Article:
Algae? Mr. Hanky? 2/16/09 Hello again. Thank you for being so helpful in identifying creatures in my tank. I have two additional questions that I am hoping you can help with. 1. Algae? We have these white strand things growing on live rock. Is it algae or something else that I should worry about? Pic Name - Algae.jpg (picture was taken with zoom. The length of strands in about 1/8 of an inch.) <Might be an algae... could be a Hydropolyp... do you see any "fine strands" at the branches perimeters?> 2. There is something in the tank that leaves this pile of "poo" in the same place everyday 24x7. <This is what it is> The pile can get quite large. The picture shows the pile after about 12 hours or so. I have not identified anything in that area that could be causing the pile. We currently have in the tank, 1 cleaner shrimp, 1 butterfly shrimp, turbo snails, red & blue legged hermits, Astrea snails, blue knuckle crab and a Halloween crab. But none of them hang around that area for very long. We do not yet have any fish. Anything else in the tank have been hitchhikers such as bristle worms and Stomatellas. Pic Name - pile.jpg Thanks. Cindy <Most likely a sea cucumber you've not noticed yet (keep a flashlight handy near the tank for periodic viewing forays at night)... but could be a meandering mollusk... Not a problem in any case... just vacuum out during regular water change-outs. Bob Fenner>

NEON FLASHES?! SW invert. ID f' 2/14/09
WetWebMedia, something extremely bizarre and un-earthly just happened in my tank. I have searched online for answer answers but find nothing! I wonder if you know something about this. At exactly 11.30Pm here, while admiring my tank in the pitch darkness, just to see my cardinals darting about (yes I have very good eyesight), I noticed a BRIGHT GREEN NEON FLASH being released at the middle-top portion of my tank. This happened for about 1 second. It seemed like chemiluminescense...
<Maybe bio->
or some light display. I swear as unbelievable as it may seem, I am not lying. I turned on my tank lights for a quick second and saw, at that spot, was my peppermint shrimp, its either a Lysmata Wurdemanni, or a L. Boggesi.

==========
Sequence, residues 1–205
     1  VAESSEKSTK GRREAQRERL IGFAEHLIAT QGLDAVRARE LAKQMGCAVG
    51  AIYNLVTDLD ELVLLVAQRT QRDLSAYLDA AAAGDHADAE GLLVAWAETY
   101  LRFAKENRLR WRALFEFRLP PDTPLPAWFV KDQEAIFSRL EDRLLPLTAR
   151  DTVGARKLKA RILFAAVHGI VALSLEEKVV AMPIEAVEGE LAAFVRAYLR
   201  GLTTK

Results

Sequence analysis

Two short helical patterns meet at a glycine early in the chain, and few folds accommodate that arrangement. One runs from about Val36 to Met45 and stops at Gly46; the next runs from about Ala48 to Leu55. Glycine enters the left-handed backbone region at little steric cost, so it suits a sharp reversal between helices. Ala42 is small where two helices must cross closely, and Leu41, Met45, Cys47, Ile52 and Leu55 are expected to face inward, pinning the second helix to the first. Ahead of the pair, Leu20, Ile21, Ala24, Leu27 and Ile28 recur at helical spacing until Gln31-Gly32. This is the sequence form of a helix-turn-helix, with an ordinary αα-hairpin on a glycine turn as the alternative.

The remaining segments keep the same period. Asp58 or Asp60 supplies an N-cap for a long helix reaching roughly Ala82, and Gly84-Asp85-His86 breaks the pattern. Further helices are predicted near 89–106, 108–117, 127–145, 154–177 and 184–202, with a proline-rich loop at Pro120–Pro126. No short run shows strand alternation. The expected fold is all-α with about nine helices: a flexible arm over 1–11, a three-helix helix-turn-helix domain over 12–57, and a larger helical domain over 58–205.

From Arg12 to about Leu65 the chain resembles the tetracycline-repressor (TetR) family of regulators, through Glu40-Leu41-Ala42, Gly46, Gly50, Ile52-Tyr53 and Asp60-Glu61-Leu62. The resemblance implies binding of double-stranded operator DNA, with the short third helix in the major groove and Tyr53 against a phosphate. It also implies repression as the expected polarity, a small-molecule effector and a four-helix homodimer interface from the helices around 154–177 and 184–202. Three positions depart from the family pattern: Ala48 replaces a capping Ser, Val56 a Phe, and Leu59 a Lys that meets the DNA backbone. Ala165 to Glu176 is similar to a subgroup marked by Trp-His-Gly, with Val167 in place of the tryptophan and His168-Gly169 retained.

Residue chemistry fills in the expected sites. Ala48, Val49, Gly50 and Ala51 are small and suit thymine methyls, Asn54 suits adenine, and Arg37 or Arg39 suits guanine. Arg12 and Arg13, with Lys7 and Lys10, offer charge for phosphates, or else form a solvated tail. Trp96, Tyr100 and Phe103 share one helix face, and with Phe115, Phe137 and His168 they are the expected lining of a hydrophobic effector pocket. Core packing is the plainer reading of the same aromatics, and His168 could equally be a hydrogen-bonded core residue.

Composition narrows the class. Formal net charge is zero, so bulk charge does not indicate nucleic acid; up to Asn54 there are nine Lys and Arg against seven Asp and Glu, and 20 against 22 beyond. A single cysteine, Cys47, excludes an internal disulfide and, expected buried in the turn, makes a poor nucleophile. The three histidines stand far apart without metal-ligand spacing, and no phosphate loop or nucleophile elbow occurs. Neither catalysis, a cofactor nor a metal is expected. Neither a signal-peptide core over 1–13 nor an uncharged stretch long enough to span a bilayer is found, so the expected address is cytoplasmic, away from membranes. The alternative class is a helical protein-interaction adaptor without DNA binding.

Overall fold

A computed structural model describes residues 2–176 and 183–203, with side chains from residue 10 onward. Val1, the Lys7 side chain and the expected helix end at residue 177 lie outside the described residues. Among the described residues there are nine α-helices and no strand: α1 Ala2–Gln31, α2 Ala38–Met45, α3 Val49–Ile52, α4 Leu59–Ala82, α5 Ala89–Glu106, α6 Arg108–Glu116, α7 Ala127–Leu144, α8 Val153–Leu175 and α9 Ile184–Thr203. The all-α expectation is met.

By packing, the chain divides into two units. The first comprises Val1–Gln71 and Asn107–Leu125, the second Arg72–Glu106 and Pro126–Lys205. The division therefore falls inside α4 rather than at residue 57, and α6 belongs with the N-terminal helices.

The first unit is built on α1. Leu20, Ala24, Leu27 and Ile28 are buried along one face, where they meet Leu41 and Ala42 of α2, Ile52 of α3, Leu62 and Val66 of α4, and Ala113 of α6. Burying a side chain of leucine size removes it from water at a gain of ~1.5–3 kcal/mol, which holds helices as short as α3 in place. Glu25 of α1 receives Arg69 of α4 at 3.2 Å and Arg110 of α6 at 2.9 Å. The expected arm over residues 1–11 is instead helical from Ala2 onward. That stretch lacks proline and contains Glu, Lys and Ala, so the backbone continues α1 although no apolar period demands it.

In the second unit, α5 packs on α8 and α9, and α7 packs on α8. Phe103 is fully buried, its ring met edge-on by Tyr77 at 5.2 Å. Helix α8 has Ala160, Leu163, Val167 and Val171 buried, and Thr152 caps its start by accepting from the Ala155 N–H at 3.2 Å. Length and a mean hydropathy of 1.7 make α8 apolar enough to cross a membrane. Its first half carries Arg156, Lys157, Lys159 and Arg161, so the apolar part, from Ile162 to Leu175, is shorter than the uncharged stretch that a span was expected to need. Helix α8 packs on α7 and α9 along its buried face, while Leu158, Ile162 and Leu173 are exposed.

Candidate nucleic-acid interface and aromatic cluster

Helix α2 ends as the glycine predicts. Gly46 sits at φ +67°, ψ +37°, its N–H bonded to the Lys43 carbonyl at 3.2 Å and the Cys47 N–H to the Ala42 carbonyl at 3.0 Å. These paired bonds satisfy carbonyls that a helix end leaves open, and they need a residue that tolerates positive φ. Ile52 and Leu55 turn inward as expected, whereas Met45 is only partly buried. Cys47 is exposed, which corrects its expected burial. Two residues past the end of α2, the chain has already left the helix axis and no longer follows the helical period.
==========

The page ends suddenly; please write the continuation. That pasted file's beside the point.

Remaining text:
Now i have NEVER heard shrimps like this emitting light....and I am almost VERY certain my eyes were not playing tricks on me. It is a shame I don't have any evidence, but does this all sound like mumbo jumbo to you?
<Mmm, no>
Do let me know if you know anything like this. Or is it something paranormal?
<Am not a believer in such... we make our own gods, ghosts, terrorists>
Perhaps my shrimp may not have arrived from the sea....I'm actually quite afraid now. Do let me know if you have any answers to this? Maybe it was my eyes playing tricks after all.....but as I am inexperienced in this field, and no one can seem to answer this, I thought perhaps you have some knowledge to share on this. Thanks
<There are quite a few organism groups that might have produced this event.
Worms, crustaceans... though I don't think I've ever heard of the genus Lysmata, Hippolytids creating such. Bob Fenner>

Re: Neon Flash... invert. ID -- 02/14/09
Hi Bob,
Re: flashing shrimps. Do look up sonoluminescence and the Alpheidae.
Turns out some species move water so fast from the pistol action it can flash. Not sure about the science, but apparently a real effect. Cheers, Neale
<Ah yes... have seen a good deal of this in the wild... Met some folks studying energetics, motion of some small marine crustaceans in S. Sulawesi two years back... and these could move something like a meter in a tenth of a second or so... For animals of a few millimetres in length, this is incredible. Cheers, BobF>

Is it a sponge? Nope, Blue Lollipop Tunicate -- 2/13/09
<Hey, I know you! Hope you're doing well and enjoying life!>
Can someone tell me what this is?
<Yep, it's a beautiful little Ascidian/Tunicate called Oxycorynia fascicularis or Neptheis fascicularis (family Polycitoridae). It's commonly called (and unfortunately sold as) a Blue Lollipop Tunicate, Blue Palm Coral, or Blue Cauliflower Sponge.>
It looks like a kind of sponge
<It certainly does.>
...but I'm not sure. If you could tell me what it needs too, that would be great.
<Although these are commonly offered for sale around the 'net and elsewhere, I personally wish they weren't because of their extremely low survival rate. Tunicates are primarily planktivores and bacteriovores and most home aquariums simply don't have enough readily available food to sustain them. Please see these links for more information and photos:
http://seadwelling.com/v-web/gallery/MarineInvertebrate/bluetunacate080904 >
Thank you
<You're very welcome. Take care, Lynn>

How nice! RMF